Consider what gives people a sense of value, a sense of belonging, and create content for your Instagram with that purpose in mind. Create with the intent of giving to your audience without receiving anything in return.


3. Posting Without Considering Your Target Audience

You would not place a teenager in a Cradle Roll class. Neither would you give the Earliteen lesson to your adult Sabbath school group. That is because these lessons are catered to age groups.

Although social media platforms are not explicitly made for certain age groups, there are demographics that tend to prefer one platform over others.

According to Statista, more than half of the global Instagram population worldwide is aged 34 years or younger.

With that in mind, posting content that is irrelevant to the younger demographic on Instagram will yield terrible results — it is not relatable to their specific spiritual experience.

Ask your young adults and teenagers to give input, survey your youth group. Create content with them in mind. Let them know this is their space. They will invest in it accordingly. If your goal is to draw a wider demographic to your page, similarly consider what would draw their attention, too.

Posting for posting sake does not benefit you, nor your church body. It is much better to make two intentional posts a week, than seven that will be irrelevant to anyone who stumbles upon your account.

4. Showcasing Your Church Leaders, But Not Your Members

It is difficult to create a sense of belonging when you do not show your church members that you see and hear them. The church pastor, the deacons, the praise team — they often share the spotlight, leaving little room for the members who also make up the church community.

If your Instagram is not a direct representation of your church body, it is missing a big piece of what makes it unique, of what identifies it as a community. One easy way to do this is by sharing stories.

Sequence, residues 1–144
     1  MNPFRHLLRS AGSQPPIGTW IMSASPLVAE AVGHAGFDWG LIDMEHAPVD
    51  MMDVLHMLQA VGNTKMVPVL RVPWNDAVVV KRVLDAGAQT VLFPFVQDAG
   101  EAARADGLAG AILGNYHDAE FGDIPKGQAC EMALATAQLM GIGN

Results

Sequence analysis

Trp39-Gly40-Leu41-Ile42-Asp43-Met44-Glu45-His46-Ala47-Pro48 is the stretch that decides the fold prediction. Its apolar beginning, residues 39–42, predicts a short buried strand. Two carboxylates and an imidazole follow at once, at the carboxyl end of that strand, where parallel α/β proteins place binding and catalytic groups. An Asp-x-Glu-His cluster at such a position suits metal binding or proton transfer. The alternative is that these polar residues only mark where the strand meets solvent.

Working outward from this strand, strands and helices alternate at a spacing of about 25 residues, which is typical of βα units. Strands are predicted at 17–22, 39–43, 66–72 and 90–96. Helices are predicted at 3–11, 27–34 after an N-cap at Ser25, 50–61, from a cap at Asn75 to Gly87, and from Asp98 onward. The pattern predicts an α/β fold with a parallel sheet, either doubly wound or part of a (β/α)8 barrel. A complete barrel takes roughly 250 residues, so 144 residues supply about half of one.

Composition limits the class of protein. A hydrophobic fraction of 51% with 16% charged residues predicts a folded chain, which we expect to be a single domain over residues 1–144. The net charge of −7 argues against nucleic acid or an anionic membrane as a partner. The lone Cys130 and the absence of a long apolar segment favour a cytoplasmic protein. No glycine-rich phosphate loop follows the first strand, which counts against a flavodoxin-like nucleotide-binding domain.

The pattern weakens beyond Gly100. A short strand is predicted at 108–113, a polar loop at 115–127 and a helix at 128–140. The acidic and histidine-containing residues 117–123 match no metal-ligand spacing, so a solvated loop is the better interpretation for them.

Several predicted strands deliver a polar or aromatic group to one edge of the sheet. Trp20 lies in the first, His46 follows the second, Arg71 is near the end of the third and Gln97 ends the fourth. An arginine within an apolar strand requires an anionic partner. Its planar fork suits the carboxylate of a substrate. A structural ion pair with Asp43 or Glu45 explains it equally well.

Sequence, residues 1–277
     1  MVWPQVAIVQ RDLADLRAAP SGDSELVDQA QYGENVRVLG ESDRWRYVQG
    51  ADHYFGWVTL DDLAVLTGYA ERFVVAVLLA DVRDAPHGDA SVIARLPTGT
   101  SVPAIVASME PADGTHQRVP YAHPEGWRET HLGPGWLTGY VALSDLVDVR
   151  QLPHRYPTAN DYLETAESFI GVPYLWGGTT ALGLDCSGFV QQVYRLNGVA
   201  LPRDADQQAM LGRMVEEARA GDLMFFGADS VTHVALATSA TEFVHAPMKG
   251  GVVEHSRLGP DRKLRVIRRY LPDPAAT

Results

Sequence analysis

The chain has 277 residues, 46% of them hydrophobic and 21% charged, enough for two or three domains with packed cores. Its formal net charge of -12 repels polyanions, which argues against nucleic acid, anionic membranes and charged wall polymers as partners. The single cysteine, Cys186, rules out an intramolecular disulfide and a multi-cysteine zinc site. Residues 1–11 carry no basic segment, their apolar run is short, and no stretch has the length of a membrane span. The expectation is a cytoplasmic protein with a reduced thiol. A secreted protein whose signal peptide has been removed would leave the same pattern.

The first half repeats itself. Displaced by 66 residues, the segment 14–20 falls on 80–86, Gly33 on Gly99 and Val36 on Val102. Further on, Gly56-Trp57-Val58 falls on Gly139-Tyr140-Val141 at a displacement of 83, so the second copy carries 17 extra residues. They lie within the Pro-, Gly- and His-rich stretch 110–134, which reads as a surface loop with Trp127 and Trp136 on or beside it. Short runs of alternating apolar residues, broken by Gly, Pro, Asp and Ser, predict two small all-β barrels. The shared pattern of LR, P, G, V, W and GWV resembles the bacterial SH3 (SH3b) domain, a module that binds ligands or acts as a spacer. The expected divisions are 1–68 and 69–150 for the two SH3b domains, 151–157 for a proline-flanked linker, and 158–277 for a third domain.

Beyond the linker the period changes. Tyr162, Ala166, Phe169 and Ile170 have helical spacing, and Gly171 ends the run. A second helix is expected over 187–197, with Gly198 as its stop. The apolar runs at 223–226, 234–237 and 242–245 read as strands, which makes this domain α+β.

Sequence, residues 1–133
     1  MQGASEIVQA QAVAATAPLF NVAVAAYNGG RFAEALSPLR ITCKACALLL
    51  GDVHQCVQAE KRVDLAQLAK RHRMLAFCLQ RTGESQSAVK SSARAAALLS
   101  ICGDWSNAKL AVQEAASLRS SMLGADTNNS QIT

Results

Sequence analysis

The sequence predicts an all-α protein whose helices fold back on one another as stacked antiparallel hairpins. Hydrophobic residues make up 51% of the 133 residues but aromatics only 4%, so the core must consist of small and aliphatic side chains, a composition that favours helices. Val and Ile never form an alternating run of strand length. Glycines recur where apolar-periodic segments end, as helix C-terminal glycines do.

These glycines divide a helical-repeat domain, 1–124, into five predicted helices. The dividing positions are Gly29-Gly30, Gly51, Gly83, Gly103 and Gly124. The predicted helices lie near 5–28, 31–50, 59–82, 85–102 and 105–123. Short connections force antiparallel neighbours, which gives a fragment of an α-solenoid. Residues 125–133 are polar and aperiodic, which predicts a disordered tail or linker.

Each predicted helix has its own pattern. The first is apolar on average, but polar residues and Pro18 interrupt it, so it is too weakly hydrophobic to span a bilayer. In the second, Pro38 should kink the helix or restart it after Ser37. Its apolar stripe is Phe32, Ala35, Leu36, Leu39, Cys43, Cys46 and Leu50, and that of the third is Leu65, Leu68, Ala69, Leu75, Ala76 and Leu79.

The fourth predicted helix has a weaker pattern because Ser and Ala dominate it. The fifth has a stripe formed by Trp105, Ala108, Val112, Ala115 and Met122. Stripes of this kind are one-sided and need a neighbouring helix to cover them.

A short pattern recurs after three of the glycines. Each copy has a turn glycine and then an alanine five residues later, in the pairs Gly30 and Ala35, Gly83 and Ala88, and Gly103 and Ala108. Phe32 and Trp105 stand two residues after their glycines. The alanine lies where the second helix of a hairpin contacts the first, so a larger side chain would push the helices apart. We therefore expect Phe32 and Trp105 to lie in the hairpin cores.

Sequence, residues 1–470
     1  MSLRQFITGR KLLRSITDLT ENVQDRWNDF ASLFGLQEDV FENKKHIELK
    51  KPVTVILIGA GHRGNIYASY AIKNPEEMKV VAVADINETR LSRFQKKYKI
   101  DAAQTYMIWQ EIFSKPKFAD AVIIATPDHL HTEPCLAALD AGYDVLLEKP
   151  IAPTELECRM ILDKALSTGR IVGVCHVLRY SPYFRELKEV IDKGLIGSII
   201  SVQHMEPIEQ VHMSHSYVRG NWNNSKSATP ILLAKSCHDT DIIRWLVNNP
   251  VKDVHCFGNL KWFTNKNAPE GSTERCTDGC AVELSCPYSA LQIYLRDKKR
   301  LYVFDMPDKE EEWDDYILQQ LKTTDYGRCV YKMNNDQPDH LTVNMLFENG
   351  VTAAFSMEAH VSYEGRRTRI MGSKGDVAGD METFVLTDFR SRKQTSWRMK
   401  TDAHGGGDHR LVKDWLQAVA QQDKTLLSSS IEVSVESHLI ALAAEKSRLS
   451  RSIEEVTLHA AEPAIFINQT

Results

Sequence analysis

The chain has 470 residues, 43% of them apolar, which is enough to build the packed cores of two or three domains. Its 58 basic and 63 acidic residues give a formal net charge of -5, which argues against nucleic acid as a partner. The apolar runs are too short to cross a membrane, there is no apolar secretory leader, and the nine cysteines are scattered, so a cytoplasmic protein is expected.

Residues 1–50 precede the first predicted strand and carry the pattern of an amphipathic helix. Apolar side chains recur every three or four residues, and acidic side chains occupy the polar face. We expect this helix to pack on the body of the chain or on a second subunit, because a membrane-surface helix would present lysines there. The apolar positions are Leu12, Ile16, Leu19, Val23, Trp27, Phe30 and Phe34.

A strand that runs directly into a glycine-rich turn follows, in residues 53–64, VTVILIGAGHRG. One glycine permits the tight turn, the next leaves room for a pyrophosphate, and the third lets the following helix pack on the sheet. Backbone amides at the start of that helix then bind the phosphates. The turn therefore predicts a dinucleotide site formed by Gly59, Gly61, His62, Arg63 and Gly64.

Kaleb Eisele, editor of Humans of Adventism and the social media manager for the Oregon Conference of Seventh-day Adventists comments to me:

Churches are full of people, and people are full of stories. Even if your church only has five members, every one of those people has countless experiences that they can share. Taking a photo of the person and coupling it with a story is a powerful, cost-effective way to reach beyond your church walls through social media.

Seeing human qualities, and the feelings of others draws in other humans as well. While well-recorded praise songs, sermon highlights, and messages from church leaders are necessary, they cannot be the end-goal. Make your Instagram more human. Give your community a voice.

5. Not Having an Online Presence

COVID-19 brought changes to so many aspects of life, including how church is done. To this day, a great majority of churches are still meeting online, with no option for in-person services.

The lingering social media question remains for many constituencies: who do we have to create and maintain a quality social media presence? The unfortunate reality of social media is that it takes time, often more than church volunteers are able to commit.

In truth, any church ministry takes time. Whether it is food pantry service, creating a functioning Pathfinder club, or even teaching Sabbath school every Sabbath morning — it takes intentional planning and preparation. The difference is that many of these ministries are non-negotiable, essential to the mission of the church.

It is time our churches make social media essential to the mission of their church. It is time they decide to place just as much care on fostering their online community as they did in fostering their weekly members in the pew numbers.

In 2020, this is the change we need to embrace: to not only be present, but to present Christ in a meaningful way.


 

Raquel Mentor is a middle school English teacher. When she’s not teaching, she is a social media manager, working for Christian influencers and organizations.

Photos courtesy of the author. Photo credit: Richard Ulanga (used with permission).